When you look up in the sky, you may have noticed the long, thin clouds that often form behind airplanes. These are known as condensation trails or contrails for short. Contrails have a significant warming effect on our climate, accounting for over a third of commercial aviation's impact on global warming. Now, Google and American Airlines have teamed up to test an AI-based approach to help airlines avoid creating contrails, providing a scalable way to reduce emissions from air travel.
Contrails form when hot, humid exhaust from airplane engines mixes with cold air in the atmosphere, creating artificial clouds made of ice crystals. Unlike normal clouds, contrails can linger for hours, trapping heat radiating from Earth and causing a net warming effect.
To tackle this issue, Google used AI models to analyze satellite imagery, weather data, and flight paths. The result was highly detailed contrail prediction maps that identify the atmospheric conditions most likely to generate persistent contrails along different flight routes.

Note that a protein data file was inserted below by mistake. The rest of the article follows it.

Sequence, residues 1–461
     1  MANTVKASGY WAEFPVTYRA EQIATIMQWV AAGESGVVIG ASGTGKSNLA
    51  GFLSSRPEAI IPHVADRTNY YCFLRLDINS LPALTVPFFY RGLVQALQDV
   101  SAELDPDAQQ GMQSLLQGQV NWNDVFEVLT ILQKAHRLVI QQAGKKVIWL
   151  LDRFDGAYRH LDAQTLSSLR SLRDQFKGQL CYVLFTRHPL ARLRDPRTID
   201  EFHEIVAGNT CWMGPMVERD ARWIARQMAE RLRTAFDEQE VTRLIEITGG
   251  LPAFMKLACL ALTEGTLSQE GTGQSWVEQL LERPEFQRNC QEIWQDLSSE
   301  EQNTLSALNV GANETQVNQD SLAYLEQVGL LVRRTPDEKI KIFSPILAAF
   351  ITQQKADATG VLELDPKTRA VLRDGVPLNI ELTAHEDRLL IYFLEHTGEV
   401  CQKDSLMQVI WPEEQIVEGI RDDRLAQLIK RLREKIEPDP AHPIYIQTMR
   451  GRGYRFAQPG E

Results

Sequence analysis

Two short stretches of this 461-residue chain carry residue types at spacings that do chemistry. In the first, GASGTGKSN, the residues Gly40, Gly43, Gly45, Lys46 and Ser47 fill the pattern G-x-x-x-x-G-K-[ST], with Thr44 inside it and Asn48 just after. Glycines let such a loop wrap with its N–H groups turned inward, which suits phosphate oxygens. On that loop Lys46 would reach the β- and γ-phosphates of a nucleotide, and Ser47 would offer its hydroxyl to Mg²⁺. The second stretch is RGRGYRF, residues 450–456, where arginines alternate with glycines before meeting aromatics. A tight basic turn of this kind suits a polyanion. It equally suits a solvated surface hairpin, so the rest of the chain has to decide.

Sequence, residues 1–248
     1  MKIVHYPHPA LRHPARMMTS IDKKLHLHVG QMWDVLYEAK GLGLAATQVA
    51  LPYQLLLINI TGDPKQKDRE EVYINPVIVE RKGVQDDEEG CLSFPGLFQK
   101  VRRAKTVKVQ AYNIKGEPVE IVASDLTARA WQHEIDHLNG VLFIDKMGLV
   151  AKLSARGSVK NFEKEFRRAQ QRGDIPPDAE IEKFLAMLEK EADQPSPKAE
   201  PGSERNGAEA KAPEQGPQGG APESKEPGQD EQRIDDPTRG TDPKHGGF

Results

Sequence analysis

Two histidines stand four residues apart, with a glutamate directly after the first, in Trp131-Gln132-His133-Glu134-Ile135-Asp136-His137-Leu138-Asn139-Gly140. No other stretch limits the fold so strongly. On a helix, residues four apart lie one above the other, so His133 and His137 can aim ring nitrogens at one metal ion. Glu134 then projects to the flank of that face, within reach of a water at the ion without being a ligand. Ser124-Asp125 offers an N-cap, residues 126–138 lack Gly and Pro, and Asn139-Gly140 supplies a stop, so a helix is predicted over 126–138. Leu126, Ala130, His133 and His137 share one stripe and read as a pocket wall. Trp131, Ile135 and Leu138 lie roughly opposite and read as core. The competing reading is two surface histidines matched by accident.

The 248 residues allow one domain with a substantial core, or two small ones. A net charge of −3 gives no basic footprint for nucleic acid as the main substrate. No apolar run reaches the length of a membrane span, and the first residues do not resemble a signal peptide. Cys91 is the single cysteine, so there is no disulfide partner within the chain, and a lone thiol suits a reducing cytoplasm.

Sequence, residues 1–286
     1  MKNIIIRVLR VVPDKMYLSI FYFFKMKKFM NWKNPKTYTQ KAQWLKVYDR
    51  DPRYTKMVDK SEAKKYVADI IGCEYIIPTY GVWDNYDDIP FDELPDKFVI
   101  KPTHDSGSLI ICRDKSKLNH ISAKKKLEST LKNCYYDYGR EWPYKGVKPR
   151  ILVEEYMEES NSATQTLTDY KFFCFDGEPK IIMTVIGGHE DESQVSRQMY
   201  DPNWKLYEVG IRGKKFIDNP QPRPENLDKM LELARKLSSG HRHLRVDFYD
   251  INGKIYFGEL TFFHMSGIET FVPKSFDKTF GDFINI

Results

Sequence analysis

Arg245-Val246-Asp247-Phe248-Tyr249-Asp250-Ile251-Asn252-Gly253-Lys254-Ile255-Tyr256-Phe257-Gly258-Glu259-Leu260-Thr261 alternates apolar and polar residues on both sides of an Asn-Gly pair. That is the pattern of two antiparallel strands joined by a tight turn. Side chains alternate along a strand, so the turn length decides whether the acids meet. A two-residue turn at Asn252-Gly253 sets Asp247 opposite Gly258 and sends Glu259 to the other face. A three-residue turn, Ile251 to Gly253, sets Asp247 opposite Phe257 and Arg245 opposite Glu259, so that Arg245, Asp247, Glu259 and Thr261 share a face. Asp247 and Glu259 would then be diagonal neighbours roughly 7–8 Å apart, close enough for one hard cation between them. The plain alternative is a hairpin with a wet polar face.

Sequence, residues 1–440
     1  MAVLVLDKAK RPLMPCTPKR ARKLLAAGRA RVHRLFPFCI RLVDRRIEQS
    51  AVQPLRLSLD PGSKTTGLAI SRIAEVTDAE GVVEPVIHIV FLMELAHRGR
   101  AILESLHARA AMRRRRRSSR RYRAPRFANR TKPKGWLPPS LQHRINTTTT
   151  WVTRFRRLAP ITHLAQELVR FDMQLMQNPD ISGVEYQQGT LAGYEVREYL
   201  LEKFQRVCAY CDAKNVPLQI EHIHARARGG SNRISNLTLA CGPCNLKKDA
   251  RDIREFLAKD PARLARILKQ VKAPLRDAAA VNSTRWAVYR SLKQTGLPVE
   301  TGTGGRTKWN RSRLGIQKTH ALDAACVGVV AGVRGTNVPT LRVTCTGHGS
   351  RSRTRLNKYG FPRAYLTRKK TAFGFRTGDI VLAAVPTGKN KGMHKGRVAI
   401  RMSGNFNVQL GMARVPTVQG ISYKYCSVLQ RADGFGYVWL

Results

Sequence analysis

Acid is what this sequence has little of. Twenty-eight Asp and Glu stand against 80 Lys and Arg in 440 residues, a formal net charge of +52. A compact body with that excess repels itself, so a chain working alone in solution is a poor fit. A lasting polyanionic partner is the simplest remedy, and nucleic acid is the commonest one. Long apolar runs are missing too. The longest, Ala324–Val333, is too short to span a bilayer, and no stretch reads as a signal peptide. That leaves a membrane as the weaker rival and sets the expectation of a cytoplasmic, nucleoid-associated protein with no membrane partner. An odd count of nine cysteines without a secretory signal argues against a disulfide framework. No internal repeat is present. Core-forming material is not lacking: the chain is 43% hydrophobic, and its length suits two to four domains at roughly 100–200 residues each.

Armed with these AI-generated forecasts, American Airlines pilots conducted over 70 test flights, adjusting routes to dodge altitudes prone to contrail formation. Analysis of satellite images post-flight showed the adjustments reduced contrails by 54% compared to typical flight paths.
This proof of concept demonstrates contrail avoidance's feasibility and potential to meaningfully cut aviation emissions. While the adjusted flights did burn slightly more fuel, simulations indicate strategic contrail avoidance could reduce total warming by 0.3% across an airline's operations. With further improvements, contrail prevention could be achieved at an abatement cost of $5-25 per ton of CO2 equivalent.
The results so far are really promising. By continuing to refine the AI models and integrating them into flight planning, persistent contrails could be avoided across the industry in a cost-effective way.
Going forward, the team aims to fully automate contrail avoidance, maximizing its climate benefit. They also hope to expand the initiative through collaboration across the aviation sector, bringing eco-friendly skies closer to reality.